School 78 Vladivostok

Perkins has a sister school in Vladivostok, Russia.

In 1956 President Eisenhower established the Sister Cities program.  The program was established with the intent of enabling cities in the United States to establish relations at the city level with cities in other countries.  The purpose of this initiative is to allow private citizens to establish strong relations with the local citizens of other countries in ways that went beyond what the governments of countries could do.

In 1992 after the dissolution of the Soviet Union, San Diego established a sister city relationship with Vladivostok.  Vladivostok is Russia's most important port on the eastern Pacific coast of Russia and is a natural fit to establish a relationship with San Diego.  The mayors of both cities signed a document formally recognizing both cities as "Sister Cities."

In 2008, a group of school principals from Vladivostok came to San Diego for an educational conference as part of the federal government's OPEN WORLD Program.  They met Mr. Hernandez, principal at Perkins.  Mr. Hernandez and Ms. Tatiana Kuleshova, principal of School 78 agreed to establish a relationship between the two schools. 

This relationship began in 2010.  The first group of students from School 78 came to the USA in October 2010 for the very first time.  The group of ten students spent two weeks attending our school, eating new foods, and most importantly making new friends. 

During the first day at Perkins their was extreme shyness on both sides.  The students from Russia were very shy about speaking English.  There was a fear of making a mistake.  The students from San Diego had been learning Russian.  Mr. Hernandez speaks Russian and teaches it after school to a group of students.  These students were also very shy about speaking Russian and making mistakes.  So we created the perfect ice breaker.  The staff at Perkins went to the local supermarket and bought seventeen types of potato chips and similar snacks.  We places samples of each type of snack at each round table in the staff room.  We assigned one student from Russia to each table with three students from Perkins.  As they were seated everyone introduced themselves.  Then the fun began, everyone took turns trying one sample and describing the taste.  When they tried the "Mexican" flavored snacks things became very interesting.  Our guests from Russia had never tasted anything like that.  Some immediately asked for water.  This is when the fun began and the students began talking.  This was a very fun activity for everyone involved.  Once the students began speaking they never stopped.  It was a beautiful start to a very strong relation with School 78.  We had many more activities such as this.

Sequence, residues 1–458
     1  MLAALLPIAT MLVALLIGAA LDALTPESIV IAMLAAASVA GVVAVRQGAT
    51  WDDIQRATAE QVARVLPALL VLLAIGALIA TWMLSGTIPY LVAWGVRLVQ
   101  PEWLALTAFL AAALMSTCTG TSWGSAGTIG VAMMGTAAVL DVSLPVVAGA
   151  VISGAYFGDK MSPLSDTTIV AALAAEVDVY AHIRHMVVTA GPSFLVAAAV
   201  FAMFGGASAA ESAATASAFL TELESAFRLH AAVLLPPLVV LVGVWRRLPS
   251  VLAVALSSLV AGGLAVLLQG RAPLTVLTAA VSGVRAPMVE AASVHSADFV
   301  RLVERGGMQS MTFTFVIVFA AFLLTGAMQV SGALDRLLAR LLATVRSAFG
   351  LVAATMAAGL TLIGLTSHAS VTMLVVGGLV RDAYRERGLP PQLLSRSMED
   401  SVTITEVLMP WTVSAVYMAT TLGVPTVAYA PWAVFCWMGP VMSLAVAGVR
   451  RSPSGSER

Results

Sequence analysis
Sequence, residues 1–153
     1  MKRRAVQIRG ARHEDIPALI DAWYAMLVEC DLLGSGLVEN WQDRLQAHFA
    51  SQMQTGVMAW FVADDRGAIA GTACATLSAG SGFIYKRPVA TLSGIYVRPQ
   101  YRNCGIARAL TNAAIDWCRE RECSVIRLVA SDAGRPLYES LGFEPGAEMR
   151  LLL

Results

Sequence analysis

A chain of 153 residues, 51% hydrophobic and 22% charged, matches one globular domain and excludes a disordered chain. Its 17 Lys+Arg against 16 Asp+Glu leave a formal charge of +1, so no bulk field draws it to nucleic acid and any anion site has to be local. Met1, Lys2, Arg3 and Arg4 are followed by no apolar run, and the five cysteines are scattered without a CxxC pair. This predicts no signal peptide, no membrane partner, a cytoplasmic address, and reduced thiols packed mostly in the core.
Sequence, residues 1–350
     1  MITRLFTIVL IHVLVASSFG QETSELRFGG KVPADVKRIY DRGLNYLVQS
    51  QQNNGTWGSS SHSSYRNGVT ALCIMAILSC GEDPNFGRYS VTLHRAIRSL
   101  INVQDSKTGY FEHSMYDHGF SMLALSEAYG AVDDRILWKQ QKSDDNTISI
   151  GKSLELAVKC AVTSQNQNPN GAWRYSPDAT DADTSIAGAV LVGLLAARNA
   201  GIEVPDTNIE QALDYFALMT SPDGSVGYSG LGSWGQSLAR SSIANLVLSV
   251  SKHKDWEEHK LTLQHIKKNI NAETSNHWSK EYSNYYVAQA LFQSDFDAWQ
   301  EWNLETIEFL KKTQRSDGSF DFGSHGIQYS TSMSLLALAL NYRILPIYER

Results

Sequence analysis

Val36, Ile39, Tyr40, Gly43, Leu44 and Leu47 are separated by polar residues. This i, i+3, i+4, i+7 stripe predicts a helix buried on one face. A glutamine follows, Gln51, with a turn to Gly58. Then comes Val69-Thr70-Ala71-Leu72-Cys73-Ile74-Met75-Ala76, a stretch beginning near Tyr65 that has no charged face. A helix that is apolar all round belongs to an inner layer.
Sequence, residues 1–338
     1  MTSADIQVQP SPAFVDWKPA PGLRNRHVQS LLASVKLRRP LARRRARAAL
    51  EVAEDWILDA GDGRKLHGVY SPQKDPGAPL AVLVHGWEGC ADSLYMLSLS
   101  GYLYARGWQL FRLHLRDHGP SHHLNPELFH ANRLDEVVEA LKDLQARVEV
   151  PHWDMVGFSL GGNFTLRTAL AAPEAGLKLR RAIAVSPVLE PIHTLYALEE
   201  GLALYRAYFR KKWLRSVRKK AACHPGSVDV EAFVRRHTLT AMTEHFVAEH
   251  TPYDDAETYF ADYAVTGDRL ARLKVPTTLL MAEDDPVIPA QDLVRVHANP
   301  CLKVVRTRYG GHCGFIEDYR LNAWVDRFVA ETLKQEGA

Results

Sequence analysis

This relationship with School 78 in Russia has been supported by 100% of our parents at Perkins.  We have received delegations from Russia in even years such as 2010, 2012, 2014, 2016, 2018, and Perkins had taken groups of students to Russia in odd years.  This experience has had a profound positive impact on all participants.  Unfortunately, this relationship with School 78 is currently on hold.  We had to pause our trips due to the pandemic, and to current events.  We hope to recommence this amazing relationship in the near future. 

I must emphasize that the purpose of these exchanges are to build relationships and to foster mutual understanding, and to teach students to strive for peace.